Some random thoughts on what we've learned since moving to scaled agile at my work:
The more stories you write, the better you get at writing them. It's a skill, and the more you practice, the better they get.
Be careful not to get lazy and take shortcuts in writing the stories, or that behavior will continue, and will get worse, leading to stories that are incomprehensible. If you write crappy stories, you probably end up with crappy results.
Write the stories with the assumption you will win the lottery and not be around to perform the work, with the corollary that, if there are multiple teams around the world, your team won't be doing the work, so a good story makes it possible for whoever does the work to actually meet the requirements.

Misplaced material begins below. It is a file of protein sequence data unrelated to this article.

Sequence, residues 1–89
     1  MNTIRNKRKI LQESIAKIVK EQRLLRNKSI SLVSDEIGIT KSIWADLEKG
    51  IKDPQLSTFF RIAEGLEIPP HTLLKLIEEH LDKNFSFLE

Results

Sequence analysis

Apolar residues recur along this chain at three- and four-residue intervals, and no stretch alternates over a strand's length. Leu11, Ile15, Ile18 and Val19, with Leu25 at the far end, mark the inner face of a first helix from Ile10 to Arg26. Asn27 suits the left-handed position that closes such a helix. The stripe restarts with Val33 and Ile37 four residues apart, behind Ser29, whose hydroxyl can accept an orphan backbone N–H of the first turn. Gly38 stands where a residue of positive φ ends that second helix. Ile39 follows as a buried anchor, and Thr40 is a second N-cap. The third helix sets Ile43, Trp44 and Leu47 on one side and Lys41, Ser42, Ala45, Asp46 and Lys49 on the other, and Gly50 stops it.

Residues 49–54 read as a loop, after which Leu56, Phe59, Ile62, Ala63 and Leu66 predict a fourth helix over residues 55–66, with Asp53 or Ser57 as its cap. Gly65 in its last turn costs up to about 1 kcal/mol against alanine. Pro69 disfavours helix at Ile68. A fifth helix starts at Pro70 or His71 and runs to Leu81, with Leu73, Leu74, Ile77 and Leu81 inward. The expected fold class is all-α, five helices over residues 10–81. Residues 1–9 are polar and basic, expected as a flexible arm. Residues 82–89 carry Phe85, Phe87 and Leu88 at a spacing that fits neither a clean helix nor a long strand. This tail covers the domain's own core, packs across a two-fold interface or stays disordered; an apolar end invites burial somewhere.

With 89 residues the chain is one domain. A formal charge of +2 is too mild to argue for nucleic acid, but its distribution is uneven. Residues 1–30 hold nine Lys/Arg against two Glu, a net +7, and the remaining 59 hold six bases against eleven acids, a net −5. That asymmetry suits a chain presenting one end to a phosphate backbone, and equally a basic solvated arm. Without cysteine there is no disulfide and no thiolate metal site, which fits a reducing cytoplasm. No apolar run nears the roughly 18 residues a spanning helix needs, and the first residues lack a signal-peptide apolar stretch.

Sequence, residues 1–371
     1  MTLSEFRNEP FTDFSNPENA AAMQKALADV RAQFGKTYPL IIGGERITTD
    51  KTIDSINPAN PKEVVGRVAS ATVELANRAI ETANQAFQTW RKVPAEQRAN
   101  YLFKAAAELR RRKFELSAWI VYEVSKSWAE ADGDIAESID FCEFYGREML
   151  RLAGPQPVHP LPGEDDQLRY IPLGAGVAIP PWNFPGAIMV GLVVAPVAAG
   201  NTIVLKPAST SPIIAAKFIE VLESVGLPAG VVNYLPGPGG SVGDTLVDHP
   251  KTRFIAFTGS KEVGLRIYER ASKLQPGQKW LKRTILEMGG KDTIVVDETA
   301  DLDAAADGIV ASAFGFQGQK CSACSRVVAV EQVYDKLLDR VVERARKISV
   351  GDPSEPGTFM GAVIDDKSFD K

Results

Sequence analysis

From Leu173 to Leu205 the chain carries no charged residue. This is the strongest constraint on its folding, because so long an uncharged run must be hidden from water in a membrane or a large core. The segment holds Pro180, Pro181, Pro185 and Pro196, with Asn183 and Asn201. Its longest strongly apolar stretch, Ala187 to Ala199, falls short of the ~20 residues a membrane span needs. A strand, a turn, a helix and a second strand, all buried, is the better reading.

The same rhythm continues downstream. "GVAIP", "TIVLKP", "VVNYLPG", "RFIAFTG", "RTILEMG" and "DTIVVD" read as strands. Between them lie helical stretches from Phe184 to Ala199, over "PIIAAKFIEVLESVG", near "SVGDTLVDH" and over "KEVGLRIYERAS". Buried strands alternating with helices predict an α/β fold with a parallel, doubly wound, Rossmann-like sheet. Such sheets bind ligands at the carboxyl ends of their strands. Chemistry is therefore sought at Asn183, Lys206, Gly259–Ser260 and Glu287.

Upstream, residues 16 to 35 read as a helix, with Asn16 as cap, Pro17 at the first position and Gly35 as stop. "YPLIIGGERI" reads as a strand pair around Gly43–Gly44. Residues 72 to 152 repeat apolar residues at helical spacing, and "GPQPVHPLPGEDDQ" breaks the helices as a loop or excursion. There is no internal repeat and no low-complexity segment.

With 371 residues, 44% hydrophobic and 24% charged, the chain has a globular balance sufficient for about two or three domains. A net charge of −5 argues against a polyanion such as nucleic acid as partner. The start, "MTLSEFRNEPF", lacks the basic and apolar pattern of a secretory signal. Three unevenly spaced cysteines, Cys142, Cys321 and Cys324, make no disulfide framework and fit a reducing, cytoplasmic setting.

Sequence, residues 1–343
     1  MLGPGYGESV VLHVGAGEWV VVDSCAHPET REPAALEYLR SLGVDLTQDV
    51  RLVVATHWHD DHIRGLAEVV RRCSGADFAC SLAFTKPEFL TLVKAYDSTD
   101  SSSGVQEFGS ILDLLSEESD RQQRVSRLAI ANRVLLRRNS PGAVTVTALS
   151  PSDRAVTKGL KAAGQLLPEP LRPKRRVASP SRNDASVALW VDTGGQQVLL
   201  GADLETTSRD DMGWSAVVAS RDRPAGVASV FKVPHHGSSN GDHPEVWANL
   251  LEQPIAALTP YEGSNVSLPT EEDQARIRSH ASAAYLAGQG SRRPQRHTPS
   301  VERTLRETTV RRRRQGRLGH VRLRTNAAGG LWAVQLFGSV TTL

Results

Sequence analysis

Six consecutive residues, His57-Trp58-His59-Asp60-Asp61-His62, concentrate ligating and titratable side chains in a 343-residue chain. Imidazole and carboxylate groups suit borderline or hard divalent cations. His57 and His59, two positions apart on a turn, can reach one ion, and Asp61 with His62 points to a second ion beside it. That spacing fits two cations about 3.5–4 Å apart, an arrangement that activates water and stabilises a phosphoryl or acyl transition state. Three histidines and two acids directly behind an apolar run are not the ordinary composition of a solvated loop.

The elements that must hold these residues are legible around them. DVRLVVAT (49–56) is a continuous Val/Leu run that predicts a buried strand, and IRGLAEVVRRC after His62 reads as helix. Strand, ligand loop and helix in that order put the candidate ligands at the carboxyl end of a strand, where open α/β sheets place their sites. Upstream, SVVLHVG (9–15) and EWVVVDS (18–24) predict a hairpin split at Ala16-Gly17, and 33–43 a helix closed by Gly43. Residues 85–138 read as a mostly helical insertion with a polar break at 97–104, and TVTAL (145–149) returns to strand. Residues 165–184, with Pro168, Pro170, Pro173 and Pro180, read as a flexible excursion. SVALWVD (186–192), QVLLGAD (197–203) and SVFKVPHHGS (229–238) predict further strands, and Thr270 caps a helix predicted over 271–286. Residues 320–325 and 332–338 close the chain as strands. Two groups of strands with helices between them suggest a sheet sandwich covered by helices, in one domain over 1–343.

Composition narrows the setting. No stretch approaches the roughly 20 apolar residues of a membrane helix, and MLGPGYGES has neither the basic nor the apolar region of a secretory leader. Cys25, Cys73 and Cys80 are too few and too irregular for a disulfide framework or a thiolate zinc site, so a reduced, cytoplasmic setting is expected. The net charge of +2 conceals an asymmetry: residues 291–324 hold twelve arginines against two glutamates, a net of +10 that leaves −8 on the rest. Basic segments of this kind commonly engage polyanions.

Don't skimp on testing criteria. Sure, no one likes writing those, but they are as important as writing a good story. When new code goes to user acceptance testing, the only failures should be for edge cases no one on the development team though of. If a user starts testing, and the program dies immediately, your credibility takes a big hit.
Try to avoid tying sizing to hours of work. It will always be wrong.
I read the book User Story Mapping a couple of years ago. The one concept that stuck in my mind is building shared understanding. That's super important. Otherwise you end up with the results in the comic in the Paul Andrew blog post.
Team members should review stories during refining sessions or during continuous exploration meetings. Provide feedback in good faith, and don't take feedback as a personal attack.